About a decade ago a good friend of mine and I were discussing the on coming evolution of humanity toward a more united, more immediate, interconnected borgification-like thought process. He recommended I read Jean Baudrillard's Ecstasy of Communication. The French philosopher, as I recall, was arguing that communication is basically without meaning, that it is the communication itself that is communicated -- Baudrillard saw humanity as becoming all consumed, "orgiastically," by its ever increasingly sophisticated ability to communicate.
It is an interesting point, and one that I've been sensitive to. On deciding to blog, adopting social networking apps, etc. I've always had this nagging sense that these activities have an innate element of narcissistic junior highschoolness about them. At the same time, I've always felt this instinctive need to broadcast communicate -- from late in my teen years when I studied creative writing, to subsequent technical publications, to more recent blogging efforts.
Many reactionaries to the "Twitterification of the Web" tend toward a Baudrillard-esque take. By the "Twitterification of the Web," I mean the increasing emergence and dominance of the "What am I doing now" type functionality that Twitter introduced and social networking sites like Facebook extended through automatic status update broadcasting. I often hear the argument that this "crap is just a giant waste of time" -- certainly there is some truth in this, but recently I ran across an article by HorsePigCow that discusses some direct benefits of Twitter in particular. I was struck by the one line, that Twitter is a "serendipity enabler" -- its an interesting idea, that broadcasting snapshots of life minutia provides entry points for the interested listener to latch on and react to -- and perhaps, this one I'm really holding out for, we can create a rural-like social encounter experience in the urban world, i.e. just run into our friends instead of planning a priori encounters. The author provides the example of her tweet of arrival at an airport that led to a serendipitously present friend to hear the tweet, and arrange to meet.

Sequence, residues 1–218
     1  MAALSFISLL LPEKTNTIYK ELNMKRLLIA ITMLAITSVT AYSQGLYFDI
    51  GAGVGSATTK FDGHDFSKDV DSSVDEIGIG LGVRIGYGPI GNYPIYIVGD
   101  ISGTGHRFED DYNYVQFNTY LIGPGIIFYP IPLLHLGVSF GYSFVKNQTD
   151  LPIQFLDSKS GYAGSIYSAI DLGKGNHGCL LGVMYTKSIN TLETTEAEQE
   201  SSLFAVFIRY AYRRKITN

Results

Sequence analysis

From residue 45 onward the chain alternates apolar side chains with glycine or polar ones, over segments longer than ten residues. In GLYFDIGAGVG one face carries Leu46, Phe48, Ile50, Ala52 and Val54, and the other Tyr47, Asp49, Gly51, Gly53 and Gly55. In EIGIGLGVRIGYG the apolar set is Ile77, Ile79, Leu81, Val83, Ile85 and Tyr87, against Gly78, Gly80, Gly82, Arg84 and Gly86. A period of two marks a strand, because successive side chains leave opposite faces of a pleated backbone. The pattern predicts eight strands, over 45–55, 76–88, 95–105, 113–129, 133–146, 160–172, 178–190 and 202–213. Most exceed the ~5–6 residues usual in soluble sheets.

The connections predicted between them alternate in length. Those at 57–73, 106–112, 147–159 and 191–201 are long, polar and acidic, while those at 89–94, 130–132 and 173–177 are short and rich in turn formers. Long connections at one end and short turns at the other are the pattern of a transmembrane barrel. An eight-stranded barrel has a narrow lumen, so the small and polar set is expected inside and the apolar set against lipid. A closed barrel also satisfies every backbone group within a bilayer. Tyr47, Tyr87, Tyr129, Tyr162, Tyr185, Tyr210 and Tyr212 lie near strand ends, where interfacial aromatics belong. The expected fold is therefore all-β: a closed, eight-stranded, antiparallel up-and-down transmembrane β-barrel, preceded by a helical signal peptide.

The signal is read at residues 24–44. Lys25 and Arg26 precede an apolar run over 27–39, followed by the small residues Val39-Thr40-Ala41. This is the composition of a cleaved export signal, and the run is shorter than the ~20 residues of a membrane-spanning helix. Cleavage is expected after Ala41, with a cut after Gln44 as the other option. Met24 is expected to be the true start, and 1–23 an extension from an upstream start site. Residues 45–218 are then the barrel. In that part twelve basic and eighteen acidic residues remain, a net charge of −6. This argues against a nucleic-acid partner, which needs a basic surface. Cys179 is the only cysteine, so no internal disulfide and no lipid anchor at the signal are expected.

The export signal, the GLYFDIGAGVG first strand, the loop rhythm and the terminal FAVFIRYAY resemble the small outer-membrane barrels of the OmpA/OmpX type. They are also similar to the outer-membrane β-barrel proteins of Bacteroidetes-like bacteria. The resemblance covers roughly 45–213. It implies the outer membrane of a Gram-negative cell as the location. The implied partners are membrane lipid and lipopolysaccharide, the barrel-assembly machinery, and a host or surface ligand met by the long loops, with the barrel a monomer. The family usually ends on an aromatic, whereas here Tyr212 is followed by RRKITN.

Well, to make a long story short, I thought I'd finally dive in and give Twittering a try. So as an experiment, I'm now tweeting. You'll find my last few tweets available on the ChaloBolo website in the right column below the post topics section. You can follow any of the links should you be a fellow tweeter interested in subscribing.
Sunday, August 31, 2008
Monday, August 25, 2008
One of my favorite movies of all time is Chameli. So I decided to check out our Chameli page. Once there, I recalled really liking the male lead performance by Rahul Bose. So I quickly wound up on the Evri Rahul Bose page. I then was curious about the videos -- one was about an interview with Rahul Bose and a guy named Gregory Roberts -- the name Gregory Roberts sounded familiar to me, but I couldn't remember why. I started watching the video below, and quickly realized it was the author of the book Shantaram, that my wife just bought and is sitting right next to me on our night stand. A couple weeks ago, I had read the jacket of the book -- the amazing story of an Australian philosopher turned druggie turned Mumbai mobster turned into redeemed author -- it seemed a little too amazing, so I wasn't motivated enough to crack it open. Needless to say, after watching this interview, I am pretty intrigued. Warning: the host is a bit annoying, and the interview is in Hinglish. And a final warning: the links above require you to have a beta account with us which you can get HERE.
And here are links for the remaining interview parts: 2, 3, 4, 5
Saturday, August 09, 2008
I just watched an interesting dramatized documentary on the last days of the British in India. The documentary starts with the arrival of the emergence of independent Pakistan and India. Viceroy Mountbatten, sent to India to formulate and execute a plan to end British rule in India and transfer power. The film tracks the violent events through till the birth of independent Pakistan and India. The film is available HERE.